Video transcript of meeting
Hawaiian Nights: A Personal Journey from Vancouver Island to Maunakea, with Cam Wipper
Don’t miss this interesting Zoom presentation at 4:00 PM PDT on Friday August 28th. Growing up in Nanaimo, Cam never imagined he would spend nearly a decade living in Hawai’i and working on Maunakea, the best place on Earth for astronomical observations.
In his talk, Cam will tell the story of how he found himself on Maunakea, from his days as a student at Vancouver Island University, to his first night up on the summit of Maunakea, nearly 14.000 feet (4200m) above sea level. This will include a brief history of astronomy in Hawaii, as well as an exploration of how a modern astronomical observatory conducts scientific observations. All will be told from the perspective of a telescope operator and scientific observer; a position Cam has held at the Canada-France-Hawaii Telescope since 2015. Click here to register.
Lagoon & Trifid Nebulae – Dan Posey
Moon shadows on Jupiter – John McDonald
A Poetic Pelican by Doug MacDonald
A wonderful bird is the Pelican.Dixon Lanier Merritt
His beak can hold more than his belly can.
He can hold in his beak enough food for a week!
I’ll be darned if I know how the hellican.
Shot this Aug. 9 – 13 with Bortle 6 skies. This bird lives in Cygnus, not too far from Deneb. I processed it in the SHO palette; it represents just over 8 hours of narrowband exposure with a 5″ refractor at f/5.5.
Final UVic Open House of the Summer is a Block Buster!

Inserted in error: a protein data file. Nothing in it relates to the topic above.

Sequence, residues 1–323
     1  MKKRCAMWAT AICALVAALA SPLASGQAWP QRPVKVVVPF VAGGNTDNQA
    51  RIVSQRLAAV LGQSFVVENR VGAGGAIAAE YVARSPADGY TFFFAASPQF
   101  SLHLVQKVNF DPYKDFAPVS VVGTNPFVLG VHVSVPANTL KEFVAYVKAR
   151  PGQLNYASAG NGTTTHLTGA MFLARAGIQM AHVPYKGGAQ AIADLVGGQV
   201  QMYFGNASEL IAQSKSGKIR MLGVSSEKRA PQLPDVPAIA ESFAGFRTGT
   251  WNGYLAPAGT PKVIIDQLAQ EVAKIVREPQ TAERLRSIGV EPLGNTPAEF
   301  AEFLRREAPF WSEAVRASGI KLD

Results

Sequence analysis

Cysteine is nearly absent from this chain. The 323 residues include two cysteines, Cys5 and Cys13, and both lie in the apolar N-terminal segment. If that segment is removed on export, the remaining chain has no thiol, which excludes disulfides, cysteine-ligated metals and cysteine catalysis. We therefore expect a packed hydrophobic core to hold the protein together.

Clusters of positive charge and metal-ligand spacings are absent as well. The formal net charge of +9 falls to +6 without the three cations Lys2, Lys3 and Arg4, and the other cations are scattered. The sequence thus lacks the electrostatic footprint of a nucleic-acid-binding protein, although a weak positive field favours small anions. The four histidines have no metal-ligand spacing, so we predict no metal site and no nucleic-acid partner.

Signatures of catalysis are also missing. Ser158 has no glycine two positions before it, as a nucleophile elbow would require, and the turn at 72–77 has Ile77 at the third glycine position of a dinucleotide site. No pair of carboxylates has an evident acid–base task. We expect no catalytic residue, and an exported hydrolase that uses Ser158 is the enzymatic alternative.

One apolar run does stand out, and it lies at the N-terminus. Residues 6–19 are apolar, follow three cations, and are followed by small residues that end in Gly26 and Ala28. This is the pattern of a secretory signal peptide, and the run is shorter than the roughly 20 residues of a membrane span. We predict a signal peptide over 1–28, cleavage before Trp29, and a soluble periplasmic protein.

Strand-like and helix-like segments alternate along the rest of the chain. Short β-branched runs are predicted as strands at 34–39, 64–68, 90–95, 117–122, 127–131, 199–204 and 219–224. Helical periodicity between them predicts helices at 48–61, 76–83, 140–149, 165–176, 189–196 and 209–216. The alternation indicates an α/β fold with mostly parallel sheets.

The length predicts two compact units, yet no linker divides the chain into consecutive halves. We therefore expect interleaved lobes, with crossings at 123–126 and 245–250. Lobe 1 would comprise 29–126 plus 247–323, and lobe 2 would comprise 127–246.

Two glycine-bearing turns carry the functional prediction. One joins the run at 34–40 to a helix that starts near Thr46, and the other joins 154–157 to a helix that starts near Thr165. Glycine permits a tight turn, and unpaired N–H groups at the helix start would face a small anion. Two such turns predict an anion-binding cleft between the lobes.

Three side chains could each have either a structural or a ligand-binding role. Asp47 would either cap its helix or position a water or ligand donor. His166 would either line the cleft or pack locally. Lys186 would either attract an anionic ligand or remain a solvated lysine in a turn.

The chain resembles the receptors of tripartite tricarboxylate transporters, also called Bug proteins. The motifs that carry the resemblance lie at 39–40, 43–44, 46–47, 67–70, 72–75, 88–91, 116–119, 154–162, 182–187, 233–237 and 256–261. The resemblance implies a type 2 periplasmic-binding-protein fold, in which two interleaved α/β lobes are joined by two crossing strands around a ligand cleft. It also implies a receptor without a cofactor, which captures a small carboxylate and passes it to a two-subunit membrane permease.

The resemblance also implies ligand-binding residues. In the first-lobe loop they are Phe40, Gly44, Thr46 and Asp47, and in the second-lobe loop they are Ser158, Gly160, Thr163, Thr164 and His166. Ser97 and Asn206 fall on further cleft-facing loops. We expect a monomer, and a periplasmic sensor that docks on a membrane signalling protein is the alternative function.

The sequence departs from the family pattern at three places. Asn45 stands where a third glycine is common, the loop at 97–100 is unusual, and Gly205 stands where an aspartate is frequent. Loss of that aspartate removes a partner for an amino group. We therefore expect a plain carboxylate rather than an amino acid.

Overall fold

What happens when the largest objects in the Universe go face-to-face? Be sure to join UVic Phd Candidate Mallory Throp for this fascinating Zoom presentation that begins at 7:30PM on Wednesday August 26th. The zoom guest link (with password embedded) is: https://zoom.us/j/97173236268?pwd=V2hhYTAwVVY5cXl5eEFoOUxSYmZGdz09
Abstract: What happens when galaxies collide? Right now, the Andromeda Galaxy is hurtling towards us, on a direct collision course with our galaxy. Surely the Milky Way will not escaped unscathed? For almost a century astronomers have been trying to figure out what happens when galaxies clash, and from that investigation a harrowing tale of starvation, cannibalism, and complicated acronyms has arisen. With today’s massive telescopes and high-tech simulations, we can hope to understand what happens when the largest objects in the Universe go face-to-face. And perhaps we can predict how our galaxy will be changed for the better (or the worse)
Robotic Telescope Editing Contest for August: M82 the Cigar Galaxy
Instead of being a spectator you can be a participant! Click on the link to find how you can get your hands of the raw data for this fascinating galaxy. https://skynews.ca/introducing-the-rasc-robotic-telescope-editing-contest/
Imagine: 8 Hours of LRGB data and 7.5 Hours of Hydrogen Alpha! Check it out and remember the contest is Only in Canada … Pity!
Global Hands On Astronomy Conference 2020
Local Astronomical Education evangelist Sid Sidhu is enjoying this online conference that is currently under way. Click the link to learn more about the conference program: https://handsonuniverse.org/ghou2020/programme/
Youtube videos of many of the presentations will be made available here: https://www.youtube.com/user/GTTPGHOU
Edmonton RASCals Focus on the Deep Sky: relayed by Dave Robinson
Press Briefing on Starlink and other mega-constellations
At 11AM on Tuesday August 25th the American Astronomical Society (AAS) and NSF’s NOIRLab will have a press briefing on the SATCON1 LEOsat mega-constellations workshop report. SATCON1 gathered astronomers, satellite operators, dark-sky advocates, policy makers, and other stakeholders to discuss, understand, and quantify the impacts of large satellite constellations on ground-based optical and infrared astronomical observations as well as on the human experience of the night sky. The briefing will be live-streamed on the AAS Press Office YouTube channel (https://www.youtube.com/c/AASPressOffice)